TechCrunch magazine is an authoritative source on the start-up ecosystem, with thought leadership articles about latest technology trends and promising start-ups. TechCrunch Disrupt is one of the most anticipated events in the start-up ecosystem because of the coverage and high profile of TechCrunch, the great speakers and the presence of seasoned investors. It brings together start-ups eager to show the world their revolutionary new products and services, investors who are here to hunt the next Facebook, press people like us from DigitalCorner and finally a few start-up enthusiasts. This event has expanded from the US to come over Asia and Europe,this year in London. The format is a line-up of talks on the main stage with TechCrunch editors moderating founder stories and Venture Capital industry perspectives, as well as the highly anticipated Battlefield, a start-up pitching competition that has seen the likes of Yammer, Mint and FitBit. There was also an ongoing exhibition called “Startup Alley” where handpicked start-ups were competing for attention in the Copper Box Arena of the London Olympic Park.
It was overall a great line-up of speakers with inspirational people ranging from US VC investors David Hornink (August Capital), Thomas Korte (AngelPad) and Andy McLoughlin (SoftTech), EU based investors Laurel Bowden (83North), Eileen Burbridge (Passion Capital) and Sonali De Rycker (Accel Partners) to founders like Sebastian Siemiatkowski (Klarna, a FinTech start-up), Gareth Capon (Grabyo, a social media start-up) and Oliver Samwer (Rocket Internet). Guest stars were Sir Alex Ferguson and Thierry Henry, pleasing the crowd with their football anecdotes as well as giving their views on leadership (for Sir Alex Ferguson) and on social media business (for Thierry Henry, seed investor in Grabyo).
London being a FinTech hotspot, the opening speaker was Taavet Hinrikus from TransferWise. He is also known for being the first Skype employee. It started with a very personal need as he moved from his home country Estonia to London, but was still on the Estonian payroll of his company. This meant that every month he had to transfer money from his Estonian account to his London account with huge fees from his bank. What he started doing was transfer that money inside Estonia to his friend who then transferred money from his own UK account to Taavet. The rest is history. Asked with how banks reacted, M. Hinrikus said they first denied it was happening: “it will never work, people will not trust you”. TransferWise now has a 5% UK market share and is looking to expand into new countries. Taavet argued TransferWise was a “defensible” business (that they could resist competition) because the technology to move tens of millions around every day was hard to build. He went on to comment on the BitCoin flop they had: ”nobody is asking for BitCoin”, meaning they made the mistake to add BitCoin when too few customers, if any, were asking for it. Asked whether London could stay leader in FinTech, Taavet argued they had a good headstart, and if they continued growing the ecosystem they could stay leaders: “the ecosystem grows only if you help each other, exchange with and talk to each other”. One could argue that the emergence of Innovate Finance (FinTech industry body created a year ago in London) and the regulatory sandbox the UK FCA has set up to help innovative FinTech businesses be compliant are steps in the right direction.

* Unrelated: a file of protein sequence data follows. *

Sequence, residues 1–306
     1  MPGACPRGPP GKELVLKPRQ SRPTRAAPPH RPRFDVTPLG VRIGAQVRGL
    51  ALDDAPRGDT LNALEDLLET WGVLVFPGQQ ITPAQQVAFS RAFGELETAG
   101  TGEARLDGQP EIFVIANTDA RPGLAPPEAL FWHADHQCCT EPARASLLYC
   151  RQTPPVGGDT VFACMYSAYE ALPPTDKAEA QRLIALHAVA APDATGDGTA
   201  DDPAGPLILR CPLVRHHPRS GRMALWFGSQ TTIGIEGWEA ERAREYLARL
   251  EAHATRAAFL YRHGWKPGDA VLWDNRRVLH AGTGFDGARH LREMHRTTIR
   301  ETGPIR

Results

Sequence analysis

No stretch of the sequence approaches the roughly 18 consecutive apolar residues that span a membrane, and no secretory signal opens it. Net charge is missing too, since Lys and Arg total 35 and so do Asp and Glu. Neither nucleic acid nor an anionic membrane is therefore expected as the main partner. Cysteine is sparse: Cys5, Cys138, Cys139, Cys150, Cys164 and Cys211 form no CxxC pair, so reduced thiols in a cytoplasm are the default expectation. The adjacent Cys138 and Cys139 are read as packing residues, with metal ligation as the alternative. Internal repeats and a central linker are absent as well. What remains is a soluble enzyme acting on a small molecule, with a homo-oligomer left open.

See below the whole « funder story » of Taavet Hinrikus
Here is a round-up of the other talks: the overall sentiment was that Europe is catching up on Silicon Valley in terms of high valuations and successful exits, although there is still a sizeable gap, and US investors on stage at TechCrunch Disrupt still think start-ups should come to the Valley to truly scale and be successful. Danny and Neil Rimer from were hopeful another Nokia could emerge in Europe, although it would probably not be a hardware company because of the scale and manufacturing expertise countries like China now have. Bastian from said that at the time he was raising his first round for PostMates he couldn’t find the funds in Europe and had to move over to the US, but he believes he could now do it here. Another European VC investor said that seed money and late stage funding was nearly as easy to find in Europe as in the USA, but in intermediate growth rounds the Old Continent was still lacking.